Monday, August 15, 2022 / by Dave Magua
The biggest story of 2022’s housing market has been rapidly rising mortgage rates.
After all, mortgage rates haven’t risen so fast in 40 years. The average rate on 30-year fixed rate mortgages was 2.7% last August, and reached 5.7% in June 2022. Higher rates affect the entire housing market, as higher monthly payments mean depressed buyer demand and homeowners who decide not to sell because they don’t want to enter a tough market as buyers.
But in the past six weeks, the mortgage rate rise of 2022 has begun to reverse. In fact, for the first time since April, the average 30-year fixed mortgage is currently under 5%.
In some ways, it’s befuddling. The Federal Reserve continues to raise interest rates, and traditionally, rising interest rates mean rising mortgage rates. So what’s going on? How could mortgage rates possibly be falling? Will it continue?
Fears of a Recession May Be Tamping Down Mortgage Rates
Why might mortgage rates be falling? The answer isn’t pleasant: ongoing fears about the economy sliding into a recession.
U.S. gross domestic product (GDP) has declined for two consecutive quarters. The last time the U.S. had two consecutive quarters of negative GDP growth was the first two quarters of 2020, when COVID-19 became a pandemic. Before that, consecutive quarters of negative GDP growth hadn’t occurred since the Great Recession.
It’s no wonder people are concerned about a recession. And when investors are concerned about a recession, they funnel money into safer investments, such as U.S. Treasury bonds. More demand for U.S. Treasury bonds raise their price, and higher prices on bonds means a lower yield for investors.
It’s all complicated and technical, but basically, lower Treasury yields mean lower mortgage rates. In fact, 10-year Treasury yields more reliably correlate to 30-year fixed rate mortgage averages than basic interest rates.
So long as investors remain concerned about a recession, they will continue to take refuge in the safe harbor of U.S. Treasury bonds. As Treasury yields fall (or at least don’t rise), mortgage rates are unlikely to skyrocket.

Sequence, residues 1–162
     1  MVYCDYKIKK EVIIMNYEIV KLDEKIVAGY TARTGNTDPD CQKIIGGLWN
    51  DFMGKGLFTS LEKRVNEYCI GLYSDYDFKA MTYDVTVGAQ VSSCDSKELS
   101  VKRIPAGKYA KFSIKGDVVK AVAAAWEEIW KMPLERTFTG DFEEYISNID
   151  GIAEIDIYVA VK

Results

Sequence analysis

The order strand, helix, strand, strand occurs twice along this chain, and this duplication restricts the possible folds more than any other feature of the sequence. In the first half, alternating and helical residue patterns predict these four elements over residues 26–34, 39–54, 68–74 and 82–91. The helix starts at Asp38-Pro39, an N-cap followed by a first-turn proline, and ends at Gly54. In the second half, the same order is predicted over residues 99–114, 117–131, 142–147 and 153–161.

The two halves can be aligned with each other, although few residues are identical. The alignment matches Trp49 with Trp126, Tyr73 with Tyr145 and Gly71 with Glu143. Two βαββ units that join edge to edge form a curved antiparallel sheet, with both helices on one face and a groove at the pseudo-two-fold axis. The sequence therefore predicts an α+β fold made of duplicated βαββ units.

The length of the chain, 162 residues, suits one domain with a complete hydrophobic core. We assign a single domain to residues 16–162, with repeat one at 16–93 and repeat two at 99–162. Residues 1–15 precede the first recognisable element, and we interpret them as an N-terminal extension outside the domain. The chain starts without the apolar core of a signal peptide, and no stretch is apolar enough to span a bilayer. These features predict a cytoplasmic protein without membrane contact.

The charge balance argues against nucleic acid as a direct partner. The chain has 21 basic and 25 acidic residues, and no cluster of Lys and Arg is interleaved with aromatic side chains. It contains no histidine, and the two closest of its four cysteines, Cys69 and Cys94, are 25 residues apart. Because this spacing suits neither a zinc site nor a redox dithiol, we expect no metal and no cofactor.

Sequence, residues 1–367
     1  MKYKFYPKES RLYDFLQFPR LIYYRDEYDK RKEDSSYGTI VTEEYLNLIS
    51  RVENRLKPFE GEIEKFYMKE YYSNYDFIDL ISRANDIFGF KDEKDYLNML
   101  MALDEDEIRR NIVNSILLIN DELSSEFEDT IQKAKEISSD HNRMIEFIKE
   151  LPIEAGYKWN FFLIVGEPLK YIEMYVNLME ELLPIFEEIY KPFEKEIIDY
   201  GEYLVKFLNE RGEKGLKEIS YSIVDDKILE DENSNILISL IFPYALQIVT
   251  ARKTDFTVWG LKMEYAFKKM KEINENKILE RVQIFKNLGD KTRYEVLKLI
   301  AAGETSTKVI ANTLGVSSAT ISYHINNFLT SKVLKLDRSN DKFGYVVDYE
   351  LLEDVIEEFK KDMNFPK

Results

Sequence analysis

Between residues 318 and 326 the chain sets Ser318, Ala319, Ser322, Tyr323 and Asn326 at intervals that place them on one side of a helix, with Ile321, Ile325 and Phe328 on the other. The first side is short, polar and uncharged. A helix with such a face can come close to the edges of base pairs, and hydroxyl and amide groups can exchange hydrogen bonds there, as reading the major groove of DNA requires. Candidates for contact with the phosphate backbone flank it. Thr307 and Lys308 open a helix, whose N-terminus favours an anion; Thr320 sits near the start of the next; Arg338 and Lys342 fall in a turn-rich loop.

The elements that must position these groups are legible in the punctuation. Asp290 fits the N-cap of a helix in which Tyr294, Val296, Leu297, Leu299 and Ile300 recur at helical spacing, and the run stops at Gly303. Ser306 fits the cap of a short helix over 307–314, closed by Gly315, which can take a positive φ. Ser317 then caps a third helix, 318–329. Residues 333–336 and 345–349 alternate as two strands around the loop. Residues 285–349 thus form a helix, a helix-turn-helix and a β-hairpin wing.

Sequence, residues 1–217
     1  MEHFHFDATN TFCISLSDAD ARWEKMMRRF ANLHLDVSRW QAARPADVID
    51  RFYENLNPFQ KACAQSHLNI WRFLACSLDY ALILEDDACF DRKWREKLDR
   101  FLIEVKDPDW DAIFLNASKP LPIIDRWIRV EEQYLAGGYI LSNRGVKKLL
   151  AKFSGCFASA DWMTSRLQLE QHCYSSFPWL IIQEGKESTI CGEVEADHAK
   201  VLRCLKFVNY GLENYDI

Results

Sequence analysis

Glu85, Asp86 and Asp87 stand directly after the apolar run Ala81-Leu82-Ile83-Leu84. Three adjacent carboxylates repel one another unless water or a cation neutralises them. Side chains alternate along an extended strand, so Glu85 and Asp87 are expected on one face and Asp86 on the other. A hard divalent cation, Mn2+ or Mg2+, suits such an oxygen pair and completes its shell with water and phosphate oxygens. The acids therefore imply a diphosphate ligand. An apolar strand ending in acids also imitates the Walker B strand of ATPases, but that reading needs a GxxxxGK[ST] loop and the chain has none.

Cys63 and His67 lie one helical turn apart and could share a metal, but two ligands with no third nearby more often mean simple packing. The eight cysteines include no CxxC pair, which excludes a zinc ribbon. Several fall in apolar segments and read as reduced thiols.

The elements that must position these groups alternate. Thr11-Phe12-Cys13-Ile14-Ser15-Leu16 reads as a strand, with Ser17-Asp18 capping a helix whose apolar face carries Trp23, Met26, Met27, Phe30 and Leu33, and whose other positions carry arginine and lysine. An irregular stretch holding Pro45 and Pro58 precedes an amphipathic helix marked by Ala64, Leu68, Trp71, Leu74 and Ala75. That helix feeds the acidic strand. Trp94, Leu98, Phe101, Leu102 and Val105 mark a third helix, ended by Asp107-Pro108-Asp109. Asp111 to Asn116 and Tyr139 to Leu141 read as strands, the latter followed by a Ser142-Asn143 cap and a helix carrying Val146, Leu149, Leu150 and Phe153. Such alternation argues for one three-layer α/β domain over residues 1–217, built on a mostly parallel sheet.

Mortgage Rates May Already Be Priced for Interest Rate Increases
If the mortgage rate increase of the first half of 2022 could be described in a word, it would be rapid.
And the rapidity of this year’s mortgage rate increases may be part of the reason that mortgage rates are leveling off – even decreasing – right now. Some experts speculate that mortgage rates are already priced for whatever additional rate increase the Federal Reserve implements this year.
Remember that inflation has been higher than anticipated or desired for the past year. Just as high inflation has motivated the Federal Reserve to make cash less available by raising interest rates, persistent inflation caused mortgage lenders to preemptively raise rates, assuming the increased costs that were to come.
In this way, it’s possible that current mortgage rates reflect interest rate spikes that haven’t yet occurred, and that factors such as Treasury yields will weigh more heavily on mortgage rates in the months to come.
Housing Market May Be More Accessible for Buyers
Overall, the housing market – and the economy at large – has spent more than two years in a state of volatility and unpredictability. For buyers, especially, it’s been difficult, with record-high home prices and now surging mortgage rates.
But along with fewer mortgage applications and more price cuts to listed homes, the recent drop in mortgage rates may suggest a calmer, more standard housing market for buyers. In particular, any sustained stabilization in mortgage rates will signal to buyers that they don’t need to buy now or face much higher rates in the future.
Know that at this point, mortgage rates aren’t tied strictly to interest rates, and that buyers may finally be catching a break.